In study 2 ppt 13, 15 and 16 were removed because of a programming error(4.9 % of the entire sample). In study 2 ppt 17,31, 40, 42, 1005 and 10022 were removed because of color blindness (9.8 % of the entire sample). In study 2 Ppt 10012 was removed, because it was an outlier on our first analysis variable: Pers1ConFirstTwo (1.5% of the entire sample).
Participants that were removed from the analysis for any of the above reasons, are indicated with a 1 (instead of 0) under the variable NotUsed in the SPSS files.
Both Studies 1 and 2 followed the ethical standards by the American Psychological Association. Data were anonymized by using participant numbers. Personal identifiers, such as names and e-mail addresses that were used for administrative reasons (payment, keeping track of previous participants to avoid double participation), were decoupled from the experimental data. Participants were informed in advance of both studies that they were free to discontinue participation at any time without having to state a reason. After both studies participants received a debriefing explaining the rationale behind the study and containing contact information of the experimenters.
(3) Dataset description
Replication Data for “When focusing on a goal interferes with action control: action versus state orientation and over-maintenance of intentions”.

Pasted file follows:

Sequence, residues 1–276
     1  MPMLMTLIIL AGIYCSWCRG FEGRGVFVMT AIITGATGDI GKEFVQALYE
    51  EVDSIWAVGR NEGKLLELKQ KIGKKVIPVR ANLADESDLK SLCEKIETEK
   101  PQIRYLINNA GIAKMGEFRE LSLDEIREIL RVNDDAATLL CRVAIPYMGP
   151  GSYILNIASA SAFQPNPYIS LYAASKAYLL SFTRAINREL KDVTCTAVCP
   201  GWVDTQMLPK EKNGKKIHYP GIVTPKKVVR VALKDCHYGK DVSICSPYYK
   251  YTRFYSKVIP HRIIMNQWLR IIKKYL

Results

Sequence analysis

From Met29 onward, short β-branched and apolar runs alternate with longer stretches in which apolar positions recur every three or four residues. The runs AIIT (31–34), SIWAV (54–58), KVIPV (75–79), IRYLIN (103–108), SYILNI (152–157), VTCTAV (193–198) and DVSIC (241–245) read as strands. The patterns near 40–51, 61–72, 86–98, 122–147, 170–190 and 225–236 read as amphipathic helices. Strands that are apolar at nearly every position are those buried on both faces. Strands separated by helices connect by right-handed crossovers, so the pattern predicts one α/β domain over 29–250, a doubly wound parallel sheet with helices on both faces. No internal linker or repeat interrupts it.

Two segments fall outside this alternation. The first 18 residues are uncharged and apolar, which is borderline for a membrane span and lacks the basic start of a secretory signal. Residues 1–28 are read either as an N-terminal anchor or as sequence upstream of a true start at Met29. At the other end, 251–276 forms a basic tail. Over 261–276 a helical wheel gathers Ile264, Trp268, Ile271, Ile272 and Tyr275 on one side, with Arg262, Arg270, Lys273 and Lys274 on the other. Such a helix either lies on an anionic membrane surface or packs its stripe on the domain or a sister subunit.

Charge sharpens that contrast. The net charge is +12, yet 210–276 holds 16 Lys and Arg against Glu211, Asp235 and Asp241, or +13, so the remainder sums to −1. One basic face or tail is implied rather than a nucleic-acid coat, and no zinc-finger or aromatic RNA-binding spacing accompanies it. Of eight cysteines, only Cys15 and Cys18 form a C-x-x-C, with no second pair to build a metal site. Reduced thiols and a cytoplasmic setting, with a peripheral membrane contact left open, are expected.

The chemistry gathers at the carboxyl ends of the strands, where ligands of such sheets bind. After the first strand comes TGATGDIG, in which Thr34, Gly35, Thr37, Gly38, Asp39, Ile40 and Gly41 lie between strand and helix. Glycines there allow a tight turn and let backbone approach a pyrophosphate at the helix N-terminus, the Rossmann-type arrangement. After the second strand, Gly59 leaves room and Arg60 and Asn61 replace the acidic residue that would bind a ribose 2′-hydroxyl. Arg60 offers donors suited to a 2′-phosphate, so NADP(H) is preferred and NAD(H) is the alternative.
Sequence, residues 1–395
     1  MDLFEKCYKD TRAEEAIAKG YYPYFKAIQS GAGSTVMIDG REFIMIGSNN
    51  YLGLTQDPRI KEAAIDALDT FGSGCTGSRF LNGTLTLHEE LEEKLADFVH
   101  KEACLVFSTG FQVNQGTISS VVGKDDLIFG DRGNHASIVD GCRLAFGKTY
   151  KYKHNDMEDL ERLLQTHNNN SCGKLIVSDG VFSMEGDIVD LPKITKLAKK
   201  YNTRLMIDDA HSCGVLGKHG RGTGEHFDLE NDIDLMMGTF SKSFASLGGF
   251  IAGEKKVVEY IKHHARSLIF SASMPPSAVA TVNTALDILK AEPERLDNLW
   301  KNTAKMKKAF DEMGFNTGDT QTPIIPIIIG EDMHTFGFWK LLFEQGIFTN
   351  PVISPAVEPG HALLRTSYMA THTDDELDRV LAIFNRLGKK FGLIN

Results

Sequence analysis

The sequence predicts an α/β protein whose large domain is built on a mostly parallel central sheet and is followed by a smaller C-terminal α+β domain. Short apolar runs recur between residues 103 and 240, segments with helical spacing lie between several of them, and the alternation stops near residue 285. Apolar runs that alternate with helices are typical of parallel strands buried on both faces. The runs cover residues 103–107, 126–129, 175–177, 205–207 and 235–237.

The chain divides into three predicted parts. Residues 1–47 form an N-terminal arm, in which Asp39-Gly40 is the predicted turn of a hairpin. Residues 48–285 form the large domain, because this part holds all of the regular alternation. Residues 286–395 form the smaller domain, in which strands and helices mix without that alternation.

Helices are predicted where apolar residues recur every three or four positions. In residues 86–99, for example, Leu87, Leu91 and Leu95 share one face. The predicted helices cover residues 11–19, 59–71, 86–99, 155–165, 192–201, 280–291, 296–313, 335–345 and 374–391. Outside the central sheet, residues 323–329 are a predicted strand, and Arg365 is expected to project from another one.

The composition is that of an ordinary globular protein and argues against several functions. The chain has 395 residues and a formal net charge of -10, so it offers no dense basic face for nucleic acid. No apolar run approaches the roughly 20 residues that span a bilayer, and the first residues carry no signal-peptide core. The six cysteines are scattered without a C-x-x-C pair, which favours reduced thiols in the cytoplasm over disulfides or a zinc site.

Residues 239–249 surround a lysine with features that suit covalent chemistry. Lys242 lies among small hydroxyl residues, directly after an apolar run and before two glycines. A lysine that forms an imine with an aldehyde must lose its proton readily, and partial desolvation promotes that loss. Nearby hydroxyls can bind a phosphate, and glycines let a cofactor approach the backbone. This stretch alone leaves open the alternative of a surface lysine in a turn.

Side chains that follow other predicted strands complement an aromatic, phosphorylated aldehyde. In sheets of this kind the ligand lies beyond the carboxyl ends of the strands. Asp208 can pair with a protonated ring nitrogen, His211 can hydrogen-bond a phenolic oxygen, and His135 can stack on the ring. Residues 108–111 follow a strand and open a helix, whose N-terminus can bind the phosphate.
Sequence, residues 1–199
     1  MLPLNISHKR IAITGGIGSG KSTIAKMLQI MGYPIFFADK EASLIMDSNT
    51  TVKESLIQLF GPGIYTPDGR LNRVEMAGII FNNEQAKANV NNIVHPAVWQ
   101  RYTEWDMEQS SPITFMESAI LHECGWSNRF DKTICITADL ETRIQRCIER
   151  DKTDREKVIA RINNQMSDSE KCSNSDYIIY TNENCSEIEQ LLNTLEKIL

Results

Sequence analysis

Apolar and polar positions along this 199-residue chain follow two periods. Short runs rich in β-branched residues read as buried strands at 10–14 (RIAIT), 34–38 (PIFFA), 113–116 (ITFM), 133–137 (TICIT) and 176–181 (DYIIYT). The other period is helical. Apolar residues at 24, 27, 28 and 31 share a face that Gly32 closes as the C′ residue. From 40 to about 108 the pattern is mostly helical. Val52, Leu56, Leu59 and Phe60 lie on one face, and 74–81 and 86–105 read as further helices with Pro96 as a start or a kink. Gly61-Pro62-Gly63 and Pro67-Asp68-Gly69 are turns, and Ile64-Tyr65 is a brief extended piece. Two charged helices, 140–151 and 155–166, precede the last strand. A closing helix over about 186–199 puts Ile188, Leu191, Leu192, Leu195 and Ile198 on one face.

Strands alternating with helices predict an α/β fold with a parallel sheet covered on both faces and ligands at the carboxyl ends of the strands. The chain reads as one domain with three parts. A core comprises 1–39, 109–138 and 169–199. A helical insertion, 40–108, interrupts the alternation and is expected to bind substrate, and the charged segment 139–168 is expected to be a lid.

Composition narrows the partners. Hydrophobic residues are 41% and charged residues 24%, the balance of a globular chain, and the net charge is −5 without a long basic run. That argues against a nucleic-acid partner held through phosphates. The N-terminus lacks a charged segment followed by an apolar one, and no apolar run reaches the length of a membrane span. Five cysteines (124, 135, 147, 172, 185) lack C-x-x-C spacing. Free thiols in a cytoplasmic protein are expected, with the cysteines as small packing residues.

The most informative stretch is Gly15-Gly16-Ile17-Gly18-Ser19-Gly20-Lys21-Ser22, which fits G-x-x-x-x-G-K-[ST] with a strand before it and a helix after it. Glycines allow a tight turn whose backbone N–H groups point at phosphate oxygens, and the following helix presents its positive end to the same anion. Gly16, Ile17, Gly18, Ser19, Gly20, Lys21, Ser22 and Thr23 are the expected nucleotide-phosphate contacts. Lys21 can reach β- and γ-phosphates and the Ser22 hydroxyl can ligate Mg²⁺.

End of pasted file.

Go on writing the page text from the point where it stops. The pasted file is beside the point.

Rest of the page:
Format names and versions
The data are available as a .sav file (SPSS). Syntax files (.sps) for all analyses that were reported in the Over-maintenance of Intentions paper. The .sav files and .sps files were created with SPSS 17 for Windows. The data can be found at the repository Dataverse which offers the option to transform SPSS files of tab-delimited text files that are also useful for those who do not use SPSS.
The data of Study 1 were collected in 2008 by Hester Ruigendijk as a part of her Ph.D. dissertation, and by Mandy Tjew A Sin in 2013 as a research assistant, both at the VU University of Amsterdam. The data of Study 2 were collected in 2009 by Hester Ruigendijk as a part of her Ph.D. dissertation and by Mandy Tjew A Sin in 2013 as a research assistant, both at the VU University of Amsterdam.
Which experimenter collected which data can be found under the variable “Experimenter” in the SPSS file, with 1 indicating data collected by Hester Ruigendijk and 0 indicating data collected by Mandy Tjew A Sin.
All the instructions in the experiments of both Studies 1 and 2 were in Dutch. Translated instructions can be found in the published article in the database. All variables were translated into English. In the datafiles, questions of the Action Control Scale are labeled in English. In the experiment the questions were originally asked in Dutch. A Dutch translation of the questionnaire can be found in a separate word file (ActionControlScaleDutchEnglish.docx). The questions of the Mood Scale were phrased in Dutch in the experiment. In the database, both the Dutch and English translation of the questions is available.
(4) Reuse potential
The data are of potential interest to cognitive psychologists, personality psychologists, social psychologists, or other researchers particularly interested in cognitive control and individual differences.
The dataset describes how individuals with different levels of action- versus state-orientation perform differently on tasks that measure cognitive control depending on whether they focus strongly (versus weakly) on the task goal.
The data can be used for aggregation, further analysis, reference, validation studies, and for teaching.